The games nations play
In the early days of the Cold War, nationalism was a particularly bad word in underdeveloped or developing countries, whose primary purpose was to service the First World and fulfil its economic and security needs
In the early days of the Cold War, nationalism was a particularly bad word in underdeveloped or developing countries, whose primary purpose was to service the First World and fulfil its economic and security needs.
So when Iranian Prime Minister Mohammad Mossadegh got too patriotic and nationalised his country’s oil, the CIA had to correct this audacious behaviour by ensuring that US oil companies got 40 per cent of the former British concession in Iran and restoring the Shah to the Peacock Throne.
The venerable New York Times editorially conveyed a significant message to the rest of the world (August 6, 1954). It said, “Underdeveloped countries with rich resources now have an object lesson in the heavy cost that must be paid by one of their number which goes berserk with fanatical nationalism.
When Iran Prime Minister Mohammad Mossadegh got too patriotic and nationalised his country’s oil, the CIA had to correct this audacious behaviour by ensuring that US oil companies got 40 per cent of the former British concession in Iran and restoring the Shah to the Peacock Throne. Pic/AFP
It is perhaps too much to hope that Iran’s experience will prevent the rise of Mossadegh’s in other countries but that experience may at least strengthen the hands of more reasonable and more far seeing leaders…”
Such leaders were expected to clearly understand America’s overriding concerns and those who failed would have to suffer. The NYT has not changed its attitude, nor have global American interests; only the methods now used can include private militarised NGOs.
Intelligence agencies are required to protect and further a country’s interests. The CIA was doing precisely this when it began to cultivate Ford and Rockefeller Foundations early in the 1950s in the national effort against an ideological, military, economic and cultural threat from Communism.
The Ford Foundation has been a generous donor to the effort. The Rockefeller Foundation funded the CIA’s MK-ULTRA (Manchurian Candidate) project of mind-control research. In America there never was or is anything demeaning or ignoble if the private sector contributed to the national cause.
The CIA faced a hostile Congress in the 1970s following the Watergate scandal, leading to budgetary and operational constraints. The creation of the National Endowment for Democracy (NED) in 1983 was designed to circumvent Congressional restrictions. The CIA worked closely with the NED through a long list of front organisations ostensibly for spreading democracy.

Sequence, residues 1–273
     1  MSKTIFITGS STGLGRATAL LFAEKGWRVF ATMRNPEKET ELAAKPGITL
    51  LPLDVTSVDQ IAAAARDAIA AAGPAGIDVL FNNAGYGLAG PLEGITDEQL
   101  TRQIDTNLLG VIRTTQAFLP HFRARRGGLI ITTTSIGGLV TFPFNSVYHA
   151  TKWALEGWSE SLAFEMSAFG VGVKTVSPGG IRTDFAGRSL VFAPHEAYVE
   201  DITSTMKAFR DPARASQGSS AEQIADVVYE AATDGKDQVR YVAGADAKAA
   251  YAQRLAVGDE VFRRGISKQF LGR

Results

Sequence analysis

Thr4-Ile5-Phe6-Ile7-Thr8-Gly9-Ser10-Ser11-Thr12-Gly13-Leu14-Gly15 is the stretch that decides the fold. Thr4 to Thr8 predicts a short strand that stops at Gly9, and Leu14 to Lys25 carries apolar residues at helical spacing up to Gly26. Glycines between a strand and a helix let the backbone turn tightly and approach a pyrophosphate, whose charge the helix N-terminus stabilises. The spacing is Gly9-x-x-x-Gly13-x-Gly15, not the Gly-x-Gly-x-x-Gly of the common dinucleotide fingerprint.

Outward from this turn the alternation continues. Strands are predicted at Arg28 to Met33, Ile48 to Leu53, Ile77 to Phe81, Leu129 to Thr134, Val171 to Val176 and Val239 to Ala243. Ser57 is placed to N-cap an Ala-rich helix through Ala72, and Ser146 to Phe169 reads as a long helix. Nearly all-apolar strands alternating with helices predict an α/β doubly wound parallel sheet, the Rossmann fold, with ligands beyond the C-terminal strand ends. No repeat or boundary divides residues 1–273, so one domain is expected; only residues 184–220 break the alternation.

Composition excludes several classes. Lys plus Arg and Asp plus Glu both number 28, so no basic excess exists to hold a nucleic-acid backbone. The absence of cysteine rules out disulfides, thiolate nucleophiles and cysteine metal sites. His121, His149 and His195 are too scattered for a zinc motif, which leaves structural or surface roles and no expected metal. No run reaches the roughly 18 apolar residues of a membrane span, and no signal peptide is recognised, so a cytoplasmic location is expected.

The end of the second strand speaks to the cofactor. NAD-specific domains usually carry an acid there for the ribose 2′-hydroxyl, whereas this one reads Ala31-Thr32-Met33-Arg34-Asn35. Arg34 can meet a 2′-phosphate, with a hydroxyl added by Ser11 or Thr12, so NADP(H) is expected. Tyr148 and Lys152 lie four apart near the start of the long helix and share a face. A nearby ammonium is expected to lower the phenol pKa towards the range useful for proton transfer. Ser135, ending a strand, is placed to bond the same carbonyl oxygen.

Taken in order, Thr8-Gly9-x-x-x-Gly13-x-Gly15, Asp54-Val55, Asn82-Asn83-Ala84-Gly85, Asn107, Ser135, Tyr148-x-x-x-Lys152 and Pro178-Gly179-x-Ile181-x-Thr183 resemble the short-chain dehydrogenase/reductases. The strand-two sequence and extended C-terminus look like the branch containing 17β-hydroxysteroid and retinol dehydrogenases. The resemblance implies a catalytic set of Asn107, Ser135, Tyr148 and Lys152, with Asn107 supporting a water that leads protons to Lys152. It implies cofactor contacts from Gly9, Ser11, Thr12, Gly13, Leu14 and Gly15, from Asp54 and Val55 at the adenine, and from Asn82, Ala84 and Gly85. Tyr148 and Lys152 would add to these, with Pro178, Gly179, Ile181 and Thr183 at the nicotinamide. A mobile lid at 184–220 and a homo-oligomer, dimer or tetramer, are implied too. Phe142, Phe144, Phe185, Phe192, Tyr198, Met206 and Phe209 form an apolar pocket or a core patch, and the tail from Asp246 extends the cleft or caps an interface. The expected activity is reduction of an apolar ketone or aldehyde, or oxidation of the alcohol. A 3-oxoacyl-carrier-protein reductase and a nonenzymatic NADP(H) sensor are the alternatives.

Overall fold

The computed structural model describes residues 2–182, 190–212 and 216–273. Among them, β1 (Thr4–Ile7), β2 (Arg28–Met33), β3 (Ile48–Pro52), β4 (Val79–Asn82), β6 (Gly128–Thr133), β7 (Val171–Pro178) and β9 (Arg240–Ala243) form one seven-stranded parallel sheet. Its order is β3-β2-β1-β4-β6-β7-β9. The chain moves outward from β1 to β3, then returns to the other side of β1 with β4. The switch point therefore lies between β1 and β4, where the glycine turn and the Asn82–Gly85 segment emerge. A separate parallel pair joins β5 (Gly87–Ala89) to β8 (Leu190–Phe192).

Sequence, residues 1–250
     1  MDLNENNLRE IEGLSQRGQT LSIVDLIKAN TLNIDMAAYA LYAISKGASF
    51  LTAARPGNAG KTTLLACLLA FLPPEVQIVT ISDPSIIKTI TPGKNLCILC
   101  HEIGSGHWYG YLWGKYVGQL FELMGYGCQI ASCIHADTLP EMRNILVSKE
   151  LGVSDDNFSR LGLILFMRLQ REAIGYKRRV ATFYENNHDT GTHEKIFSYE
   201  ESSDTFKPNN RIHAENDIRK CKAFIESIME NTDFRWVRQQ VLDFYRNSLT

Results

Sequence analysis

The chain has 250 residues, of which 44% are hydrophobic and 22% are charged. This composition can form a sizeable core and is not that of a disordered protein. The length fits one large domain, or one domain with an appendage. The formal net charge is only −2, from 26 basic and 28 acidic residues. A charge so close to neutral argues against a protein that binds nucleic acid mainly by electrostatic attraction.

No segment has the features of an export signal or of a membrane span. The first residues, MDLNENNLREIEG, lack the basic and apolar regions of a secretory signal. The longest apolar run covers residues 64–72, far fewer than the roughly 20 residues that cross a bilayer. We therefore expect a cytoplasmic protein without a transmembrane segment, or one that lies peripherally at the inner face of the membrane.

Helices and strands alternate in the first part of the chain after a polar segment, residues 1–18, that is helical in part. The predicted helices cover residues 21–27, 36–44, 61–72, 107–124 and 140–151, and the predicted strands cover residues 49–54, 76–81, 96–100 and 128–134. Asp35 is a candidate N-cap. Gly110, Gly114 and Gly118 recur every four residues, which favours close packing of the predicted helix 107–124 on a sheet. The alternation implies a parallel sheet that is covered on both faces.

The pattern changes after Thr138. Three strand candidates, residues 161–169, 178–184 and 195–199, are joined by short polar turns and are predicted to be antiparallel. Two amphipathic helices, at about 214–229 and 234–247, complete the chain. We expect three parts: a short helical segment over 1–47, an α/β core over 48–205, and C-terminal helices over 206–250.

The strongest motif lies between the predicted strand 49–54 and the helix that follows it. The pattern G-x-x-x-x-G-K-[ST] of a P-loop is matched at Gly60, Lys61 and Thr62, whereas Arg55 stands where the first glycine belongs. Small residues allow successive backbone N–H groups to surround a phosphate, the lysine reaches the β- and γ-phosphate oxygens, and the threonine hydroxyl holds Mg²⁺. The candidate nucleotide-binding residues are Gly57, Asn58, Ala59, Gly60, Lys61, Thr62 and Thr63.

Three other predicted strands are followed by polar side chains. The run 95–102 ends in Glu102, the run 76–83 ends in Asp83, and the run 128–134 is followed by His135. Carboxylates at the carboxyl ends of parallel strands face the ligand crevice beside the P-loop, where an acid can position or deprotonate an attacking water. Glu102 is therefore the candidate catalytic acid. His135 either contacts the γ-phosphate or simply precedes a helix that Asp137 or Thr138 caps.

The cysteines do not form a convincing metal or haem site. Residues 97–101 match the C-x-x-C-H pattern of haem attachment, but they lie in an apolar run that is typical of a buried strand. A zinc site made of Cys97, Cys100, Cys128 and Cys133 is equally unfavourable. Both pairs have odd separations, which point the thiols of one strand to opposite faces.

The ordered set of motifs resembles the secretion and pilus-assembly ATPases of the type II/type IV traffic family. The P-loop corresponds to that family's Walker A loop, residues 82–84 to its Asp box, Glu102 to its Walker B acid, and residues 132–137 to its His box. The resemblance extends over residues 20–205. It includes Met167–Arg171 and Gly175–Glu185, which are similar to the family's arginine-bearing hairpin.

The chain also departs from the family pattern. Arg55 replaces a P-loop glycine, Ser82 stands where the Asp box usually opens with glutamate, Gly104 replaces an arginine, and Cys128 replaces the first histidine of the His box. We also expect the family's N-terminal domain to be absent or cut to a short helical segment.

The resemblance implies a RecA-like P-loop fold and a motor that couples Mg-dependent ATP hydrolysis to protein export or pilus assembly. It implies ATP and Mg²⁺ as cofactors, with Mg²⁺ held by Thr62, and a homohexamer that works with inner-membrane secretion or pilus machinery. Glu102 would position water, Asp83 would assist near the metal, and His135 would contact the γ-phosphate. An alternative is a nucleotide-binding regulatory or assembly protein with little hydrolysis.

William Blum, not exactly a favourite in Washington DC, had said that the NED meddled in the internal affairs of numerous foreign countries. They gave money, technical know-how, training, and equipment to selected political groups, civic organisations, dissident movements, publishers, newspapers and other media. Intelligence establishments all over the world do operate through some front companies, organisations and NGOs. This is par for the course.
These are useful for collection of intelligence or in an intelligence operation, like in the case of the hunt for Osama bin Laden; the Russians recently complained that the CIA was inciting the Ukrainians through some NGOs while playing down their own NGOs, and the Egyptians had concerns about some of the American NGOs in their country. The Russians too have their own NGOs as do many others.
It is not surprising the Intelligence Bureau had doubts that some NGOs were not furthering Indian interests. A report in the media on this subject had earlier appeared in a newspaper in October 2012. One has noticed that there has been a concerted campaign in India against all energy projects and against coal mining.
There was this campaign against the Jaitapur nuclear power project to be built with French collaboration, against the extension of the Kudankulam nuclear power plant being built with Russian assistance. It is essential to protect the environment and provide alternatives for the displaced, but the progress of a nation cannot be stopped because of this.
NGOs that deter economic progress or infrastructure growth have to be actively discouraged. The agenda and priorities have to be Indian and not determined in some remote western city. The government, in turn, has to be transparent and active in providing solutions to environmental and human problems that invariably arise during the pursuit and as a consequence of these projects. Solutions and safeguards cannot be outsourced to foreign sources, since far too many vested interests are at play here.
Foreign funding should be allowed primarily in those projects where they seek to improve the quality of our human resources through education, skills and health. NGOs in India have been used so far to make up for the perennial deficiencies of the political and bureaucratic leadership to provide solutions to various problems. They should be required to concentrate only on our national priorities determined by us.
The writer is a former chief of Research and Analysis Wing (RAW)